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U.N. Humanitarian Chief in Jonglei, South Sudan: ‘It’s a Terrible Situation’

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U.N. Humanitarian Chief in Jonglei, South Sudan: ‘It’s a Terrible Situation’

Posted by Nenad Marinkovic on February 3, 2012

U.N. Humanitarian Chief in Jonglei, South Sudan: 'It’s a Terrible Situation'

JUBA, South Sudan — The U.N.’s top humanitarian official, Valerie Amos, visited some scenes of the recent bloodshed in South Sudan yesterday and expressed concern about what she said is a deepening humanitarian crisis. Amos’ four-day visit to South Sudan comes on the heels of inter-tribal clashes in Jonglei state where about 140,000 people have been affected by the fighting.

Amos visited Pibor town in Jonglei state, the epicenter of recent violence between the Lou Nuer and Murle tribes. 

“It’s a terrible situation, and I was able to see people who have lost their loved ones, their possessions and livelihoods,” she said at the press conference in Juba. Amos warned that the humanitarian crisis South Sudan faces is much broader than initially estimated when also factoring in the refugees from the southern states of Sudan, Blue Nile and South Kordofan.

“I’d like to emphasize my concern about the situation in South Sudan broadly,” she said. “The situation is very precarious, and the risk of a dangerous decline is very real. The scope of this crisis cannot be ignored.”

Humanitarian agencies are pre-positioning emergency supplies in Jonglei and have very limited time to assist those affected by the crisis before the rainy season begins in March or April. Access to the affected population is under most circumstances limited due to lack of infrastructure, especially paved roads. The dirt roads that exist will become muddy and impassable because of the rains, posing an even bigger challenge to aid agencies.

“Pre-positioning of supplies is the key,” Amos said.

OCHA estimates that 80,000 refugees from South Kordofan and Blue Nile are now in South Sudan and reports there is urgent need for increased food assistance and emergency relief. In addition, the World Food Programme, or WFP, warns that up to 500,000 refugees may ultimately flee to South Sudan due to growing famine in the southern states of Sudan.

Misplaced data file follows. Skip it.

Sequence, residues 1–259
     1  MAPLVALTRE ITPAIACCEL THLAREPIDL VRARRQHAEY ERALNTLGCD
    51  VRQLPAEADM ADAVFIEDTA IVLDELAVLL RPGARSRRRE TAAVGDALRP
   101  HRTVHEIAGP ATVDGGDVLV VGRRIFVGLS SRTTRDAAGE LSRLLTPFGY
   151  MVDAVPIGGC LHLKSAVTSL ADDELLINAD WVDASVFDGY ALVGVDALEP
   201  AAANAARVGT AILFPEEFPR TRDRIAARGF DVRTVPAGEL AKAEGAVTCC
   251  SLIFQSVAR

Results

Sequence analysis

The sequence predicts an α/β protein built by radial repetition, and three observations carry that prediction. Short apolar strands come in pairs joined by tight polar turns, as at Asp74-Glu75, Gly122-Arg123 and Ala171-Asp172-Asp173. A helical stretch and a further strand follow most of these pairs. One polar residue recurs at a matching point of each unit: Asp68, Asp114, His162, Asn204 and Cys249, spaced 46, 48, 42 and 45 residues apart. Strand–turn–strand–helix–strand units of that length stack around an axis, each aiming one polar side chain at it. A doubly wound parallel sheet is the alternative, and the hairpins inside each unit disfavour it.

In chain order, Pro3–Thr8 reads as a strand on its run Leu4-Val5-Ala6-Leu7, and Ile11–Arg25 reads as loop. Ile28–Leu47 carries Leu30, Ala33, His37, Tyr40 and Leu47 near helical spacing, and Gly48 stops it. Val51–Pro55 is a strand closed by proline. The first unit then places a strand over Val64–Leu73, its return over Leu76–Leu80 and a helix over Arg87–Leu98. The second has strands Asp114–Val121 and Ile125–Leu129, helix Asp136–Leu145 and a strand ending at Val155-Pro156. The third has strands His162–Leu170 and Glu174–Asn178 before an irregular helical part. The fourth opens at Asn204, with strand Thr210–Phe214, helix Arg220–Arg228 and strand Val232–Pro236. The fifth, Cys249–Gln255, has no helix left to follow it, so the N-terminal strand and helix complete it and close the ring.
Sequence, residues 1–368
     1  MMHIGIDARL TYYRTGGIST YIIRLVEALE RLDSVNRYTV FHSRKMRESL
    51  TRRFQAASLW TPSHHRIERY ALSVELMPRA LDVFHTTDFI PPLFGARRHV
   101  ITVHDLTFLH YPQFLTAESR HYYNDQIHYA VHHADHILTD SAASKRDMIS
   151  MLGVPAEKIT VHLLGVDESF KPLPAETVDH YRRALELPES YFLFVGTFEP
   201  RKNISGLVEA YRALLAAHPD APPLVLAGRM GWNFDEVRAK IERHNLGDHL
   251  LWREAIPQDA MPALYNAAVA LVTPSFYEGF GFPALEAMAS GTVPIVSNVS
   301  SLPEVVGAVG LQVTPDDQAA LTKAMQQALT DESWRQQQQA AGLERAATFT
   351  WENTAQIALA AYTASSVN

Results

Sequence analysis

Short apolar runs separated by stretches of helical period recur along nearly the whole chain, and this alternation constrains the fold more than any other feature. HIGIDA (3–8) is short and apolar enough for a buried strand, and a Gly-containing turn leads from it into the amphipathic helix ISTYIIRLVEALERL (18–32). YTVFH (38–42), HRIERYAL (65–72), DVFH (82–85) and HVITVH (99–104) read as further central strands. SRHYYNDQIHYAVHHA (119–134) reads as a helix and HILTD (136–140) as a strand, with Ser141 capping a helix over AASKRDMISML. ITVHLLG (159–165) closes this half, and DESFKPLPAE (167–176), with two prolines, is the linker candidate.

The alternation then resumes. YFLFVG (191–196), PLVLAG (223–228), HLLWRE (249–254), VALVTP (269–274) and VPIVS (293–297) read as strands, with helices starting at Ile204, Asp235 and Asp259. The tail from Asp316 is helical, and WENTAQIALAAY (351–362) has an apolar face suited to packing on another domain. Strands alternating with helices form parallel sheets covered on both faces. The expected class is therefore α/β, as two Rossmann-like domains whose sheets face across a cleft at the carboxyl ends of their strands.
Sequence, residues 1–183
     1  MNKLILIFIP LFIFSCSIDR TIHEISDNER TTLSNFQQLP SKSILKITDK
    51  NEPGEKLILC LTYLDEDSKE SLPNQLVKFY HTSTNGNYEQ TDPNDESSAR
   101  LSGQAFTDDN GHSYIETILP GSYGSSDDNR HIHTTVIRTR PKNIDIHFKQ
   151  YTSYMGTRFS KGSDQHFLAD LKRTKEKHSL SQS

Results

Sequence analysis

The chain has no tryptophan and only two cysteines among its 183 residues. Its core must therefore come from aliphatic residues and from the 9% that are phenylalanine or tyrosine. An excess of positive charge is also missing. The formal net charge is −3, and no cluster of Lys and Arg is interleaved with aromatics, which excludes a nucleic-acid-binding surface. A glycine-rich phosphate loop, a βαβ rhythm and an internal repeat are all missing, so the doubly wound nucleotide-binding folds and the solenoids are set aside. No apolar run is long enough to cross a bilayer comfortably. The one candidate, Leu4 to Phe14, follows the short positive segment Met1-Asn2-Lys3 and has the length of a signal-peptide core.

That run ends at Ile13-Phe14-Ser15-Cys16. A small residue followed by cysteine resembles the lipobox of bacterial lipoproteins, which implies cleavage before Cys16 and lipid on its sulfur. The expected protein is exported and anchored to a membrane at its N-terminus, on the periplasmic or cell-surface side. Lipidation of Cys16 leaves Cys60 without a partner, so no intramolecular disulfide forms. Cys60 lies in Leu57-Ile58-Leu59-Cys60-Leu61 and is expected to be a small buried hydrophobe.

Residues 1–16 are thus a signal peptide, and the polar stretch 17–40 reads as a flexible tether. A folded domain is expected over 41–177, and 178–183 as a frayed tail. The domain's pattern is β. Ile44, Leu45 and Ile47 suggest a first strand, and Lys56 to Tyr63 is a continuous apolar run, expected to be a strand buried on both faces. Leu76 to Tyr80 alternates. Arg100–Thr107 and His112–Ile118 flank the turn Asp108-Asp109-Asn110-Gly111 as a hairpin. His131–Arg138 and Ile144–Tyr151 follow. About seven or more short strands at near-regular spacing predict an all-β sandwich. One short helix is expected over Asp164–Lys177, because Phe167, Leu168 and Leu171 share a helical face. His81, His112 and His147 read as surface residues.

“We have requested access to South Kordofan and Blue Nile from the Sudanese government,” Amos said. But such access is still not forthcoming.

The U.N. has made an appeal for $760 million from the international community to meet humanitarian needs in South Sudan for 2012. Amos warned that the crisis could be even wider and additional appeals would have to be made.

“I think that amount may increase as a result of some other actions that may happen, not only the oil shutdown but also if there’s a large movement from Sudan to South Sudan,” Amos said.

“We can only do so much,” she said, adding that the leadership of the South Sudan government is vital in humanitarian efforts. Amos is scheduled to meet with President Salva Kiir and other senior officials tomorrow, the last day of her visit.

At Thursday’s press conference, Amos sounded an alarm about recent moves by the South Sudanese government to shut down oil production. She warned that the decision would negatively affect many people in need, as the government’s loss of revenue hinders its ability to provide services. Oil accounts for about 98 percent of South Sudan’s budget.

“Humanitarian needs will inevitably increase, and the combined efforts of the government, the aid community, and the donors will not be enough,” Amos warned.

Photo: U.N. Under-Secretary-General for Humanitarian Affairs and Emergency Relief Coordinator for South Sudan, Valerie Amos, engages with local government officials in the village of Walgak (AP)